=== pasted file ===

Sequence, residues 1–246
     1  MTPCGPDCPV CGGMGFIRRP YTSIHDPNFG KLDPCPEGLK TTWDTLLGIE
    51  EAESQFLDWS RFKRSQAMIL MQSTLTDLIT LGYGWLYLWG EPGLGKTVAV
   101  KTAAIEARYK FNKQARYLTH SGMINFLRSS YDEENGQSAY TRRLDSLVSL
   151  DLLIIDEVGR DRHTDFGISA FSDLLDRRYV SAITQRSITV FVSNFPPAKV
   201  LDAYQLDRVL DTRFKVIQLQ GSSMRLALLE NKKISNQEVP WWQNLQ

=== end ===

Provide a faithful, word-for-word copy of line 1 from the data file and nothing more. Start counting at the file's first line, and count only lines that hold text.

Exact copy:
Sequence, residues 1–246